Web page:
TKAM and the Scottsboro Case Paper
The Scottsboro Case is known to many. It is a significant case involving racism, lynching, segregation, and the Jim Crow laws. The case started on March 25, 1931, when two white women accused nine black men of rape while on a train headed to Jackson County, Alabama. The trial lasted years and ended with an unconstitutional verdict of guilty against the defendants. “Scottsboro captured South’s racism and the disturbance of the Great Depression.” (Scottsboro Trials). The Scottsboro Trials and Tom Robinson’s trial in the novel, To Kill A Mockingbird, by Harper Lee have many similarities. With the similarities there are differences too. The stories that the people involved tell is one. In the case of the Scottsboro trial, Victoria Price and Ruby Bates testified that they were traveling on a train and were raped by the nine black men whose ages ranged from thirteen to twenty years old. When Price when questioned about false accusation she argued, "I didn't lie in Scottsboro. I didn't lie in Decatur and I ain't lied here. I've told the truth all the way through and I'm a' gonna go on fighting 'til my dying day or 'til justice is done." (Scottsboro Case). Mayella Ewell testimony was considerably different. She claimed that Tom Robinson was helping her with chores. She went inside to get money to pay him and that was when he raped her. Another difference was the number of people involved. In the novel, there was one accuser in about her early twenties, Mayella Ewell, and one defendant married with children, Mr. Tom Robinson. In the Scottsboro case, there were two plaintiffs, one in the late twenties and the other a minor, Victoria Price and Ruby Bates, and nine black men- Roy Wright, Eugene Williams, Ozie Powell, Olen Montgomery, Willie Roberson, Haywood Patterson, Andy Wright, Clarence Norris, and Charles Weems- who were the alleged assailants.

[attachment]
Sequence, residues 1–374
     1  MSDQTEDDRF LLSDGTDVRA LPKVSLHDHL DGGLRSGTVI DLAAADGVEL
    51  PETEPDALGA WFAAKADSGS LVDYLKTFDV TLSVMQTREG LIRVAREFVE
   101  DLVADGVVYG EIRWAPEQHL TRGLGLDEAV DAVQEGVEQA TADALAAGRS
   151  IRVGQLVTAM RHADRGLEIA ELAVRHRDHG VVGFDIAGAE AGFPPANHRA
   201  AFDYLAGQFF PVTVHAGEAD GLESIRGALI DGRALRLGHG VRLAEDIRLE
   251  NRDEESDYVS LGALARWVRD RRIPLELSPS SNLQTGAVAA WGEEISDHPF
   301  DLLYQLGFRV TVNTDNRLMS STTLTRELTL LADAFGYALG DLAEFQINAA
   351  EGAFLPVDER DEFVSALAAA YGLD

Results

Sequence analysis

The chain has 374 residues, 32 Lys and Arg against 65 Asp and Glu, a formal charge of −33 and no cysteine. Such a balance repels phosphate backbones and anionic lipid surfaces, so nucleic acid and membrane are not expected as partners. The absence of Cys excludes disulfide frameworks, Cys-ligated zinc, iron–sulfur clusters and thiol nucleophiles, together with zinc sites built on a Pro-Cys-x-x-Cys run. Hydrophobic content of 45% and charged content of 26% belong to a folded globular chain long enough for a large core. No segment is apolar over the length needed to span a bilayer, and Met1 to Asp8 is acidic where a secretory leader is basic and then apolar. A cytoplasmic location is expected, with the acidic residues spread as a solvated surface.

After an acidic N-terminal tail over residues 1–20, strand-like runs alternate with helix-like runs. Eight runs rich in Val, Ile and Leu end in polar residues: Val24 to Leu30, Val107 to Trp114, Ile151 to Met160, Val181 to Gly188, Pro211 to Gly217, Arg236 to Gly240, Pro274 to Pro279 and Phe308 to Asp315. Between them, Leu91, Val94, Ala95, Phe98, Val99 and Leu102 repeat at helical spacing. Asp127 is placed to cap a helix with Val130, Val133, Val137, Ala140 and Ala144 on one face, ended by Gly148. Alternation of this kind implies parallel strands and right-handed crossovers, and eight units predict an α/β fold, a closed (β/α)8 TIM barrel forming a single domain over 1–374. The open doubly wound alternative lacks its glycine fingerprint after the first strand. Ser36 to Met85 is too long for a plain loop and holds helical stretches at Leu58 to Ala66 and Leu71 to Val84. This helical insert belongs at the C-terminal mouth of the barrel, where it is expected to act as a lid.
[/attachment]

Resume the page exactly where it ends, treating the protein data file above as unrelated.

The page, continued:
To begin, the trials have numerous resemblances, such as the time period...
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